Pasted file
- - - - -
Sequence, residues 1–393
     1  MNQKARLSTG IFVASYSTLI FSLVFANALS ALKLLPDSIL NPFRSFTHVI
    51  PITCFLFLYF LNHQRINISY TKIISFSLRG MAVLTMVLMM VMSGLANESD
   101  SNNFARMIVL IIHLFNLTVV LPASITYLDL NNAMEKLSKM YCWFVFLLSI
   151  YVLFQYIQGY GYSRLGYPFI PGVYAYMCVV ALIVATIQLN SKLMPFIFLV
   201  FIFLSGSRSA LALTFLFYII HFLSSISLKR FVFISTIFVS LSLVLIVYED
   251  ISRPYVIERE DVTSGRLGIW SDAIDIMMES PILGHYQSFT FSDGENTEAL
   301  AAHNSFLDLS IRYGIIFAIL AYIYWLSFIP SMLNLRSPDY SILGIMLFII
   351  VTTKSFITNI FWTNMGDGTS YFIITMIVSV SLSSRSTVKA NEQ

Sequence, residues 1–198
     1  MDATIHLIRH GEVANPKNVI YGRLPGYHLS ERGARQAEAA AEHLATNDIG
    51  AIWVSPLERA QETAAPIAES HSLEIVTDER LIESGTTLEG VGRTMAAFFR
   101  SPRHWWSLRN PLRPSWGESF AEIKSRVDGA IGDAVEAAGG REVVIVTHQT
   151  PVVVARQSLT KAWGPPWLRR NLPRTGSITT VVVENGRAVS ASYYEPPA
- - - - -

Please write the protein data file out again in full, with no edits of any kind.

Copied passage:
Sequence, residues 1–393
     1  MNQKARLSTG IFVASYSTLI FSLVFANALS ALKLLPDSIL NPFRSFTHVI
    51  PITCFLFLYF LNHQRINISY TKIISFSLRG MAVLTMVLMM VMSGLANESD
   101  SNNFARMIVL IIHLFNLTVV LPASITYLDL NNAMEKLSKM YCWFVFLLSI
   151  YVLFQYIQGY GYSRLGYPFI PGVYAYMCVV ALIVATIQLN SKLMPFIFLV
   201  FIFLSGSRSA LALTFLFYII HFLSSISLKR FVFISTIFVS LSLVLIVYED
   251  ISRPYVIERE DVTSGRLGIW SDAIDIMMES PILGHYQSFT FSDGENTEAL
   301  AAHNSFLDLS IRYGIIFAIL AYIYWLSFIP SMLNLRSPDY SILGIMLFII
   351  VTTKSFITNI FWTNMGDGTS YFIITMIVSV SLSSRSTVKA NEQ

Sequence, residues 1–198
     1  MDATIHLIRH GEVANPKNVI YGRLPGYHLS ERGARQAEAA AEHLATNDIG
    51  AIWVSPLERA QETAAPIAES HSLEIVTDER LIESGTTLEG VGRTMAAFFR
   101  SPRHWWSLRN PLRPSWGESF AEIKSRVDGA IGDAVEAAGG REVVIVTHQT
   151  PVVVARQSLT KAWGPPWLRR NLPRTGSITT VVVENGRAVS ASYYEPPA